116 • Part I. The Creed: The Faith Professed
the Church with the invisible aspects in such a way that the Church is
always a unity of both aspects.
In the unity of this Body [of which Christ is the head], there is a
diversity of members and functions. All members are linked to
one another, especially to those who are suffering, to the poor
and persecuted. (CCC, no. 806)
The Church is the sacrament of salvation. “The Church is like a
sacrament—a sign and instrument, that is, of communion with God and
of unity among all men” (CCC, no. 775). The Church is a sacrament
of the union of all people with God, and a sacrament of the unity of
all peoples—for the Church gathers people “from every nation, race,
people, and tongue” (Rev 7:9).
The Spirit communicates to us the salvation gained for us by Jesus
Christ through the Church and her seven Sacraments. “The Church ‘is
the visible plan of God’s love for humanity,’ because God desires ‘that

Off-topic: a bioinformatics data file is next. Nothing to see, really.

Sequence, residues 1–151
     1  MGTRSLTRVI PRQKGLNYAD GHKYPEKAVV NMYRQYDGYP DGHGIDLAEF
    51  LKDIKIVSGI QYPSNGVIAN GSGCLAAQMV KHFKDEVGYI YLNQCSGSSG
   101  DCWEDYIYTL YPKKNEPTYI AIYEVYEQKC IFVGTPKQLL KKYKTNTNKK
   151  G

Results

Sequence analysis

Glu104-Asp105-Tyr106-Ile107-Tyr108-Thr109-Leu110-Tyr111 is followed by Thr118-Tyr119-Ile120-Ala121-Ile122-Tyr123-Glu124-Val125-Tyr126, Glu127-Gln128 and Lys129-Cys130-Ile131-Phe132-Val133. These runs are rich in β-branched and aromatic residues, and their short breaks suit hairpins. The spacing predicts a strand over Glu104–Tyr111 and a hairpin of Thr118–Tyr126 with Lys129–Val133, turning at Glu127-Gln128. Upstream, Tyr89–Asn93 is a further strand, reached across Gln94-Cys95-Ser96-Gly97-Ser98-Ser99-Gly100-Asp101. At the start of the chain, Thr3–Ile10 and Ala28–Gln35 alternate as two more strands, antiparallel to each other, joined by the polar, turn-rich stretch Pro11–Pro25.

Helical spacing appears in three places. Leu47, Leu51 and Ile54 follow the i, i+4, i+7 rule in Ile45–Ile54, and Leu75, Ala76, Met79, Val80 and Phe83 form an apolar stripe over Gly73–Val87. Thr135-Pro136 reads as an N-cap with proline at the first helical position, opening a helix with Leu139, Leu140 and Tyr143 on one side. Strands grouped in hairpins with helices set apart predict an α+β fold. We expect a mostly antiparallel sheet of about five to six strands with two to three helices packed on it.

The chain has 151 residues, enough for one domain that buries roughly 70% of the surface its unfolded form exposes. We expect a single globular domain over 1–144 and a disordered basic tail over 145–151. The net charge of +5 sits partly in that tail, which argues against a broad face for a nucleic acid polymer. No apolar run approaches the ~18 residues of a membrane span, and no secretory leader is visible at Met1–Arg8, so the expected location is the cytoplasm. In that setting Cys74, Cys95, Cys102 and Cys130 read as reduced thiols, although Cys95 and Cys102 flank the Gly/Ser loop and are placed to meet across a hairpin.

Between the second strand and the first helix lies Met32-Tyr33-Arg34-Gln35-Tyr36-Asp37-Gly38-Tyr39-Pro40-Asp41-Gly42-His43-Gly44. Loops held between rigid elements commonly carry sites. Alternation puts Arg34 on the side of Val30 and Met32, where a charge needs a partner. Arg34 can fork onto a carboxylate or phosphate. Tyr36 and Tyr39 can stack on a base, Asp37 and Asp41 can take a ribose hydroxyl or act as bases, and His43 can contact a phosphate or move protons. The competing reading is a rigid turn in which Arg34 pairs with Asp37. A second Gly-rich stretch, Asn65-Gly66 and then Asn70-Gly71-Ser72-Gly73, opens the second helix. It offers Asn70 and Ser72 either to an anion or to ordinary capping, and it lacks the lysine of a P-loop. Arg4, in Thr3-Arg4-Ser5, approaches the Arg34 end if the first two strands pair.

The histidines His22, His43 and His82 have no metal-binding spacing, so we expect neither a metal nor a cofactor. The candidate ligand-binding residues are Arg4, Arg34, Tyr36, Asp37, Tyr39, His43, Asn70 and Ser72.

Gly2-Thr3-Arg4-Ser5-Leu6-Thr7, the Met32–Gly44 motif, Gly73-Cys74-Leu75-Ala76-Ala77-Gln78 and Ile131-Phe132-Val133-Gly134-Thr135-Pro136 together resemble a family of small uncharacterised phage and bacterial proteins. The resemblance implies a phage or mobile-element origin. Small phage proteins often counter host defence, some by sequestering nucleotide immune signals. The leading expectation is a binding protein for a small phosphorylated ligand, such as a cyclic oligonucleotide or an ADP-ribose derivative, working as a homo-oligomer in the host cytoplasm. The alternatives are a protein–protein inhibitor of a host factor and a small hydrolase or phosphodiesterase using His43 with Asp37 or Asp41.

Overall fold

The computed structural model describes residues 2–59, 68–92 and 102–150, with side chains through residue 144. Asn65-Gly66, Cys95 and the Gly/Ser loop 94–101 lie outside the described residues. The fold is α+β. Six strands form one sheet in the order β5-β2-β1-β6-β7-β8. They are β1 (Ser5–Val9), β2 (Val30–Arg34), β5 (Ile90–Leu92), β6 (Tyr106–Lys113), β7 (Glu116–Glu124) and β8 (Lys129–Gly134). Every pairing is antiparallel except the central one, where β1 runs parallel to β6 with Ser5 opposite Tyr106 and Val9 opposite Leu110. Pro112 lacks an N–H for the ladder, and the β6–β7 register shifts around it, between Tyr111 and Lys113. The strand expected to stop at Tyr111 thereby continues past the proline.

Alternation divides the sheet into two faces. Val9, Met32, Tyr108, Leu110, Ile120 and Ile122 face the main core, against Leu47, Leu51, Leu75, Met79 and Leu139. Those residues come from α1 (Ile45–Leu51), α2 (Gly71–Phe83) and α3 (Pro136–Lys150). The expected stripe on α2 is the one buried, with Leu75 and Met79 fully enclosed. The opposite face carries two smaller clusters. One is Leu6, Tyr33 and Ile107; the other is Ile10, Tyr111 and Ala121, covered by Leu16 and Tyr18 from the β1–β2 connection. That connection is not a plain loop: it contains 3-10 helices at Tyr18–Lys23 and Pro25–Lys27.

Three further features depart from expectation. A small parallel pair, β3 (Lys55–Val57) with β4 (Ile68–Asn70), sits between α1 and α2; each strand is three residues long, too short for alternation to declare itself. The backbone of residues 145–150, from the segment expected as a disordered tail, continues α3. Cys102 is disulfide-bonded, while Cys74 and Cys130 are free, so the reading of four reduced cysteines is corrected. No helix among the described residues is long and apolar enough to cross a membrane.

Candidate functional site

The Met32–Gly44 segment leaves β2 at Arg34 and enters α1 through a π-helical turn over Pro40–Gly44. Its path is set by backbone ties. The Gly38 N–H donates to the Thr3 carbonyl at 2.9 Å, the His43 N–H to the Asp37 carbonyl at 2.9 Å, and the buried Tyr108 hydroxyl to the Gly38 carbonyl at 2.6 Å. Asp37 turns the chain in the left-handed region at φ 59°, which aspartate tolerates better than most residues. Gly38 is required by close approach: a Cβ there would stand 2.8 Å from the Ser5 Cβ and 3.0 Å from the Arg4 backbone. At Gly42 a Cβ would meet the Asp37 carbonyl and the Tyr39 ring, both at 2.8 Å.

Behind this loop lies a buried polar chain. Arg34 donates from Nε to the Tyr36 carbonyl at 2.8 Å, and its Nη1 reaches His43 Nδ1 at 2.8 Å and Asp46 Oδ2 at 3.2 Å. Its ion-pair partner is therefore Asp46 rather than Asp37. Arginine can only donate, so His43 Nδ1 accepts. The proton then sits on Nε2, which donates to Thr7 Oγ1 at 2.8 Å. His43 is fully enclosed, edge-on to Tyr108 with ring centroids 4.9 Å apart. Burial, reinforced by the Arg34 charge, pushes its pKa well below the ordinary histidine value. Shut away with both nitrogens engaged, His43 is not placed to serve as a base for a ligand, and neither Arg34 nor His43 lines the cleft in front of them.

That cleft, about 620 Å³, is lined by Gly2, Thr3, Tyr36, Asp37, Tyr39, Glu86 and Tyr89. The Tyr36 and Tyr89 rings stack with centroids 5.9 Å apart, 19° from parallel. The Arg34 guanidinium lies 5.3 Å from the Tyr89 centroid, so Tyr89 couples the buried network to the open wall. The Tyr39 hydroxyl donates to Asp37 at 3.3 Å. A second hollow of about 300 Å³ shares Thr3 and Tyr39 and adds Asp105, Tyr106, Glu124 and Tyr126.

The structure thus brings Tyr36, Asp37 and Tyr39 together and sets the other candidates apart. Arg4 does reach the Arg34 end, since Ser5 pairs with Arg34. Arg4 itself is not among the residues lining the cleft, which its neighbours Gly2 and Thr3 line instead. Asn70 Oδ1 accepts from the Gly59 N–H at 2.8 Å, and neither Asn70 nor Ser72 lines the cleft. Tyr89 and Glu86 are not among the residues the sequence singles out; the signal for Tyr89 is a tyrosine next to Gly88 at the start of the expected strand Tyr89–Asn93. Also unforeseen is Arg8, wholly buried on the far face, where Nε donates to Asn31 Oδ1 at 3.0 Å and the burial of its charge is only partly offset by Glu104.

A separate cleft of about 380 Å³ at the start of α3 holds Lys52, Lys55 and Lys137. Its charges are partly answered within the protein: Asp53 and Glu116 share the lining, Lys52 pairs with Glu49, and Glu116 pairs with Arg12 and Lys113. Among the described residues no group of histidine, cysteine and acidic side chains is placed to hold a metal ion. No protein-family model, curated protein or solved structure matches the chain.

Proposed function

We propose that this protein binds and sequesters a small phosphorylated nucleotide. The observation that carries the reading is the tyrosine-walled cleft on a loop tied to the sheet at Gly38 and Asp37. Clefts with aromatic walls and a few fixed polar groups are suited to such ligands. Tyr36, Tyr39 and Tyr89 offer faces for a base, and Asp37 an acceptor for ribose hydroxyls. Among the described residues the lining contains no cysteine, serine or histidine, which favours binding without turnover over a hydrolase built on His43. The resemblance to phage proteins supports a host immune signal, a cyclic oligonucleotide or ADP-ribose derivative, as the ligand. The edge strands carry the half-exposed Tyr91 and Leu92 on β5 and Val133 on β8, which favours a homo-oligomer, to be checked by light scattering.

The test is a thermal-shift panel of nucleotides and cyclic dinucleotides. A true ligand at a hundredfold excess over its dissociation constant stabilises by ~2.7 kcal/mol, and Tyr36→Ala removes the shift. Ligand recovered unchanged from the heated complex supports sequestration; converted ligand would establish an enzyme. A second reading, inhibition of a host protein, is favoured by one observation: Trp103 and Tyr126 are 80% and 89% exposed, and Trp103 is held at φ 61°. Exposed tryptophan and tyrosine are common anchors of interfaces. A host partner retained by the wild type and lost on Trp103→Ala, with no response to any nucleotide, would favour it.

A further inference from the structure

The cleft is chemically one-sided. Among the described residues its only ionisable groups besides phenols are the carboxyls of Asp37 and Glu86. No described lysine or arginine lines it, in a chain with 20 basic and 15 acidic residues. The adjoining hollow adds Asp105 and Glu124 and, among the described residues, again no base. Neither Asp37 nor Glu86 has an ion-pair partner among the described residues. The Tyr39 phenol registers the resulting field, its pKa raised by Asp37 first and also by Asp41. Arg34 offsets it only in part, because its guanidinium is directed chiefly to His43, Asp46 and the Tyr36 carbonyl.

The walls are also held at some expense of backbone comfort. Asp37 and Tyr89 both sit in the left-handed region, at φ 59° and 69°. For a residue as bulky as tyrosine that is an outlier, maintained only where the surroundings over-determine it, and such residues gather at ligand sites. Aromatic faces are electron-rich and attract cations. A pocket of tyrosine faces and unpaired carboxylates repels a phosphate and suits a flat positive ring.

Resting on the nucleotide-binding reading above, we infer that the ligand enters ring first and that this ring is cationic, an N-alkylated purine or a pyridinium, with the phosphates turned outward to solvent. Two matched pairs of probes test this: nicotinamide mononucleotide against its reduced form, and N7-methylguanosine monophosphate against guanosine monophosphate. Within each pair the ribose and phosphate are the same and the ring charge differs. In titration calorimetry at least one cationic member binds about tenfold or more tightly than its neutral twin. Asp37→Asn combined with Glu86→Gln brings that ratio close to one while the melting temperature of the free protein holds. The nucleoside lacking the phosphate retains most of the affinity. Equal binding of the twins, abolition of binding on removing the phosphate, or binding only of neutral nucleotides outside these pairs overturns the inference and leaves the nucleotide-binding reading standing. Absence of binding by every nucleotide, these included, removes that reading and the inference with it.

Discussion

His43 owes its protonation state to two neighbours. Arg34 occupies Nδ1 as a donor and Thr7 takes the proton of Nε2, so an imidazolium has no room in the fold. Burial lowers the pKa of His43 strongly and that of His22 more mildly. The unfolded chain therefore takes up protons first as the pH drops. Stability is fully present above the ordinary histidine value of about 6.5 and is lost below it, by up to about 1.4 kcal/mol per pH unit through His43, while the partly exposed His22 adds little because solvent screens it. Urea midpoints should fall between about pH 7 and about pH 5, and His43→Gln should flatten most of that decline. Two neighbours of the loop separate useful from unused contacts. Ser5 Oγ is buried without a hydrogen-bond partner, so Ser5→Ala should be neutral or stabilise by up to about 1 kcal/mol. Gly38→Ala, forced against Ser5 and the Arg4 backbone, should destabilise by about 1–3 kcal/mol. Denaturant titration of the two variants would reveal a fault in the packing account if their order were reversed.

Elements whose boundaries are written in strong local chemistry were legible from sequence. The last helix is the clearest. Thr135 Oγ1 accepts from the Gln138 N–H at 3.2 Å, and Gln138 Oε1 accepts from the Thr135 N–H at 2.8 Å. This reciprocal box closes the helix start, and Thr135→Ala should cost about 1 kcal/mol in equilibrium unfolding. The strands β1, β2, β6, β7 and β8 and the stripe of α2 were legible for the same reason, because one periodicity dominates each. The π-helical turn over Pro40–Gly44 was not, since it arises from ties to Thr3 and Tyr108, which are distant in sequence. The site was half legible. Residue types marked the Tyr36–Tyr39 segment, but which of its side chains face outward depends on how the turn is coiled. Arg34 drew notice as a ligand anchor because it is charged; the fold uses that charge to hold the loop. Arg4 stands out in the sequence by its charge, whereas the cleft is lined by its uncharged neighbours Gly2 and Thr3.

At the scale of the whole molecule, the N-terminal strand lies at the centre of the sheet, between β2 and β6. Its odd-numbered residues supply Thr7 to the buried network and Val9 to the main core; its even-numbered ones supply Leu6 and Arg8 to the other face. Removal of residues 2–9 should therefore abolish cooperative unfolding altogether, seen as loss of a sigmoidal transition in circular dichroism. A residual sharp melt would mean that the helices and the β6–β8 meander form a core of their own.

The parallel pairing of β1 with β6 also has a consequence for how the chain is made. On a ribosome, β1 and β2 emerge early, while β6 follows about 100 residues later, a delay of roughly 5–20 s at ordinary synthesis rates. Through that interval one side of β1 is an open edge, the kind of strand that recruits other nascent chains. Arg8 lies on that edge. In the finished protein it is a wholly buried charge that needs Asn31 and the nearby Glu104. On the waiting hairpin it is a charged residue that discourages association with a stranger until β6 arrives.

the whole human race may become one People of God, form one Body
of Christ, and be built up into one temple of the Holy Spirit’” (CCC, no.
776, citing Pope Paul VI [June, 22, 1973]).
THE CHURCH IS THE PEOPLE OF GOD
[God] has . . . willed to make men holy and save them,
not as individuals without any bond between them, but
rather to make them into a people who might acknowl-
edge him and serve him in holiness.
—CCC, no. 781
Chapter two of the
Dogmatic Constitution on the Church
) gives prominence to a scriptural and patristic image of the
Church as the People of God. The Father began this formation process
with the Israelites and brought it to fulfillment in the Church. A per-
son is initiated into God’s people not by physical birth, but by a spiri-
tual birth through faith in Christ and Baptism. God’s people include the